He went back to college to earn a teaching certificate, and then a doctoral degree from Purdue University in computer-aided design and geometric modeling.

His combination of skills made him a perfect fit for the collaborative approach to research and education practiced in ASU’s engineering programs.

Henderson says his zeal for his job is buoyed by the creativity and commitment of his colleagues in branching out from the traditional boundaries of doing and teaching engineering.

The free-minded attitude toward innovation has helped to open the doors for pursuits such as the development of humanitarian engineering studies and the establishment of GlobalResolve.

Through those efforts in particular, “We get to see students come to the realization that engineering can be such a force for making a positive difference in so many peoples’ lives,” Henderson says.  “I love to see the change that comes over them when that happens.”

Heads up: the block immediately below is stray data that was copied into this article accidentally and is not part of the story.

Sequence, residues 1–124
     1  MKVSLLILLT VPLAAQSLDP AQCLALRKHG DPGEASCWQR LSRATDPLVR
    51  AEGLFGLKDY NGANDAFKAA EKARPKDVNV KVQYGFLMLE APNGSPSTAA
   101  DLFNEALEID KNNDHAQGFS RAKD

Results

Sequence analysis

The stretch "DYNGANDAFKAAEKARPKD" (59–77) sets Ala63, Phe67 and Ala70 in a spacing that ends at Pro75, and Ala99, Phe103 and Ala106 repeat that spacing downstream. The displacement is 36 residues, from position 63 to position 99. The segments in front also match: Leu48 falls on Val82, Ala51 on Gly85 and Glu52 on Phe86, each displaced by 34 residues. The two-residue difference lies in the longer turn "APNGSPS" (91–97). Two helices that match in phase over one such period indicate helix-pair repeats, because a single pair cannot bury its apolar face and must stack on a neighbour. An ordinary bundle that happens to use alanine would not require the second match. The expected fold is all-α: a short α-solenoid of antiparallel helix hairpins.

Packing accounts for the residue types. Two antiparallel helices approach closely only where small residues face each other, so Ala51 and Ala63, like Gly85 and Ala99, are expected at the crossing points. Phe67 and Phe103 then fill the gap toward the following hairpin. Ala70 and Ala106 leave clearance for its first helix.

Media Contact
Joe Kullman, joe.kullman@asu.edu
480-965-8122
Ira A. Fulton Schools of Engineering

About The Author

Joe Kullman

Joe Kullman is a science writer for the Ira A. Fulton Schools of Engineering. Before joining Arizona State University in 2006, Joe worked as a reporter, writer and editor for newspapers and magazines dating back to the dawn of the age of the personal computer. He began his career while earning degrees in journalism and philosophy from Kent State University in Ohio. Media Contact: joe.kullman@asu.edu | 480-965-8122 | Ira A. Fulton Schools of Engineering Communications